Afloat Adventure

Whale Watching in Bahía Solano

Every year, between July and November, after a long journey, they arrive to the Colombian Pacific.

The Pacific Ocean, from the department of Nariño to Chocó, becomes between July and November of each year the place where humpback whales, after a long journey from Antarctica and southern Chile, seek their warm waters to mate, give light and raise their calves.
Colombia has unparalleled destinations to see whales, such as Bahía Málaga, Nuquí, Bahía Solano and the Gorgona and Utría National Natural Parks. Humpback whales belong to the group of bearded whales, which feed on groups of crustaceans and small fish. To cover the sufficient amount of food they use different techniques: when there are large patches of food on the surface, they are submerged and then come up with their mouths open and cover the largest amount of food; Another technique is through a column of bubbles, generated by the nostrils, to corner fish allowing the capture of large amounts of food.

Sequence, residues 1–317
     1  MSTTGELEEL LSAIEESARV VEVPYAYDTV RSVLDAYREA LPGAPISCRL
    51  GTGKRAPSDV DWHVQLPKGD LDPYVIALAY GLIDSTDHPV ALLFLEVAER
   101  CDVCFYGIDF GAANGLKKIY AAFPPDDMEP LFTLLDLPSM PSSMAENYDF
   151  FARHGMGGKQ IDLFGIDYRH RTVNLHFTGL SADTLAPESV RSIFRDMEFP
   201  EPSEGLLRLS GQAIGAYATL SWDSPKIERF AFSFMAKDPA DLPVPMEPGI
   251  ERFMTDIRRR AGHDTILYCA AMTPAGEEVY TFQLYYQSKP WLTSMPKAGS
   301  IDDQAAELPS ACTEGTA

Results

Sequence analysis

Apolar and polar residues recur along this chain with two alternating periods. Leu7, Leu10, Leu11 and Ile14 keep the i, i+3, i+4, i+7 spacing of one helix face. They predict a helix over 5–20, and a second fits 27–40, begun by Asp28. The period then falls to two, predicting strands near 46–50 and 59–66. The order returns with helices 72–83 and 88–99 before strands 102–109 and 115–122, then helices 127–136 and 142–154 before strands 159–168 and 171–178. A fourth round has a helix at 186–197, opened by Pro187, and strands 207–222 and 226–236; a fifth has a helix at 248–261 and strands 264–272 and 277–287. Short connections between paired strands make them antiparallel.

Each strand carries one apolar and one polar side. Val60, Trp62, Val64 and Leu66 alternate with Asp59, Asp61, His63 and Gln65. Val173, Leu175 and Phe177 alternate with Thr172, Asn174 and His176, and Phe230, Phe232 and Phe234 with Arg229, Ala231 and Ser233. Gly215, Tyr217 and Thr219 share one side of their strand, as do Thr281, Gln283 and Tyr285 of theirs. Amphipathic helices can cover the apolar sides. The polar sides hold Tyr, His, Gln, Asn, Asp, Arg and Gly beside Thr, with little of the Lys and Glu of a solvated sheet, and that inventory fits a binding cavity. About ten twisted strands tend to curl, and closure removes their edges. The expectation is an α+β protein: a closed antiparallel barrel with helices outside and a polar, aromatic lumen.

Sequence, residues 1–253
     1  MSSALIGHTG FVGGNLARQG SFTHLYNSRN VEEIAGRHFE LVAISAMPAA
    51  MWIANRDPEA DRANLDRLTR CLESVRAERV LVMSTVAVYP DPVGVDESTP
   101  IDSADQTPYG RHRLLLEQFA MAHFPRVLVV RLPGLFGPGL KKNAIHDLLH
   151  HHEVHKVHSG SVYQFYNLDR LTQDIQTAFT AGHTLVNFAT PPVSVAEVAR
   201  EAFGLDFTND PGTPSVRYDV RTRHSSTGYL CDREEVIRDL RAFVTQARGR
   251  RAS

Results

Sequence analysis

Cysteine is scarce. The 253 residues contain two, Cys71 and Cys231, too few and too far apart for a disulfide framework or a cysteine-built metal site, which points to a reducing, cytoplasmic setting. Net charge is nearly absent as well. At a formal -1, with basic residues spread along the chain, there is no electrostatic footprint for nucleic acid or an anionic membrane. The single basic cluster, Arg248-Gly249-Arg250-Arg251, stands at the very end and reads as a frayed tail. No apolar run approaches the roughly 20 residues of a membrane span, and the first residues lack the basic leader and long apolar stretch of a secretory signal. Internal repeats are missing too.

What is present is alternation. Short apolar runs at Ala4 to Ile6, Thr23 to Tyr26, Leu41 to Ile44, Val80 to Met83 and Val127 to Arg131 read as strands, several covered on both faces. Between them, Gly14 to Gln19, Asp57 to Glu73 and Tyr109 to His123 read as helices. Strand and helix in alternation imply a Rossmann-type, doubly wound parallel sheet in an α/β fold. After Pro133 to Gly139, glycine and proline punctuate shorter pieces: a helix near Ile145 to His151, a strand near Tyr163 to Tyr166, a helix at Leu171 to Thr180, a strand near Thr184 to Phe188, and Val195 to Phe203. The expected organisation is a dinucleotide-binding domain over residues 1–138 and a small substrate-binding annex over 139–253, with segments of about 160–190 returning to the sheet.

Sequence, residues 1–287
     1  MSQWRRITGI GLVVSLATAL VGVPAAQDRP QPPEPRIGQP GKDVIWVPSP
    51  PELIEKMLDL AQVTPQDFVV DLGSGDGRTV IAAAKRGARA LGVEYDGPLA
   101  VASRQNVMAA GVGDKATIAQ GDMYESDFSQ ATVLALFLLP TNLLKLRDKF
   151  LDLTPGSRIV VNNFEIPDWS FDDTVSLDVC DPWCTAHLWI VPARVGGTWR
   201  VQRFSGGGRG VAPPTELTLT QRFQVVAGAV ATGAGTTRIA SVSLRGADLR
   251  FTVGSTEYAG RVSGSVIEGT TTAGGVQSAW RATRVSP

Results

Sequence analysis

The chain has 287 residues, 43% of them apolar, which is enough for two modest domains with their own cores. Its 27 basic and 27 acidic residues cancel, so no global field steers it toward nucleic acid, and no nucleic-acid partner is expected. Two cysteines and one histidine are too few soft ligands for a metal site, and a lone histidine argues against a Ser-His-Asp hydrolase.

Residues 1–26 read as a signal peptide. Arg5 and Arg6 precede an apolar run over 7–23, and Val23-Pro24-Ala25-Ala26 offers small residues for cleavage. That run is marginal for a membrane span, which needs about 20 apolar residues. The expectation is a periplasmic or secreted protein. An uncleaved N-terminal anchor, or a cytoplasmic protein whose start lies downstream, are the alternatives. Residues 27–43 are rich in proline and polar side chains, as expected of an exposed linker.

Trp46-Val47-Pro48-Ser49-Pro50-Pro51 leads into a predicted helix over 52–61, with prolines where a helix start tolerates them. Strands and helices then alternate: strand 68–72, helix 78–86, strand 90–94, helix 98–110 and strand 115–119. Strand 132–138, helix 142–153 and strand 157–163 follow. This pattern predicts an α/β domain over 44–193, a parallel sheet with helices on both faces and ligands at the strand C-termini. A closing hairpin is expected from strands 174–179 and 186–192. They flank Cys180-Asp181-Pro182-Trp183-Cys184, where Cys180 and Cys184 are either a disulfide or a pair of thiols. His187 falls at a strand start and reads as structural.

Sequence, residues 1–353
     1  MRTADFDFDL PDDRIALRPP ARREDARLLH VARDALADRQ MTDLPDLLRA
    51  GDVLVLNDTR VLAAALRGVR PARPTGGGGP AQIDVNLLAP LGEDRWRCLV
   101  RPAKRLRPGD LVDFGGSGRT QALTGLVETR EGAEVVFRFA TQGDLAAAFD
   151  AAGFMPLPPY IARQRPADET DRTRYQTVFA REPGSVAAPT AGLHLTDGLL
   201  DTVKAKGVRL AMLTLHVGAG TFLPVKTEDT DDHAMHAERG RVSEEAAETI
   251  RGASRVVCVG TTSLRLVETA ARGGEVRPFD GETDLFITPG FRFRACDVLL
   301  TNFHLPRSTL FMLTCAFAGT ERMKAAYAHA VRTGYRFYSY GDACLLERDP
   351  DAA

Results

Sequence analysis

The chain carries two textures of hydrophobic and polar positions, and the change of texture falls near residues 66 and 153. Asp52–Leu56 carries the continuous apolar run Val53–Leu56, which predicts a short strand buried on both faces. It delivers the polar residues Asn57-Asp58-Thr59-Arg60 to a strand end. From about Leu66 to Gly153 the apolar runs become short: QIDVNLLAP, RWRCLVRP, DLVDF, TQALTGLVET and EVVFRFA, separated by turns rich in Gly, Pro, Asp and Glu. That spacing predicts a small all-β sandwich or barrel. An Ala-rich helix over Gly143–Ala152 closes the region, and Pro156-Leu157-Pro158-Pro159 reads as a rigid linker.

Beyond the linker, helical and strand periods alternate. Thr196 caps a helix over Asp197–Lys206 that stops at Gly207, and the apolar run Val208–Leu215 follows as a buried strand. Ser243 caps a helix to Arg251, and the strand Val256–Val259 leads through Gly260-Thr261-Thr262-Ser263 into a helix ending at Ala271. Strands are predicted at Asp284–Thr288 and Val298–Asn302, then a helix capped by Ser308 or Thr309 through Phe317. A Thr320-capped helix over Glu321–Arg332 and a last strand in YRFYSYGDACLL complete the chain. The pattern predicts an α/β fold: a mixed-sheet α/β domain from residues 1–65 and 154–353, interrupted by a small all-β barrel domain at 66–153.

The first whales to migrate to the tropics are nursing mothers, then juveniles, mature males, mature females, and finally pregnant females. Its speed during migration is 8 to 15 kilometers per hour.

The body of humpback whales is robust, has extremely long pectoral fins unlike other whales, which reach a third of the total size of the animal. The shape of its head is wide with a central keel and a series of tubers that also extend to the jaw.

As a curious fact, the whale’s breath consists of three elements, water vapor that comes from the lungs, mucus and seawater.

Humpback whales use a courtship method that is singing, lonely males emit sounds like songs and present behaviors such as jumps and bumps on the surface with their pectoral fins.

Whales do not sleep deeply and prolongedly, because breathing is an activity that requires awareness and not reflex. To rest they do it very close to the surface and go up just a little to breathe, this behavior makes them more vulnerable to collision with boats.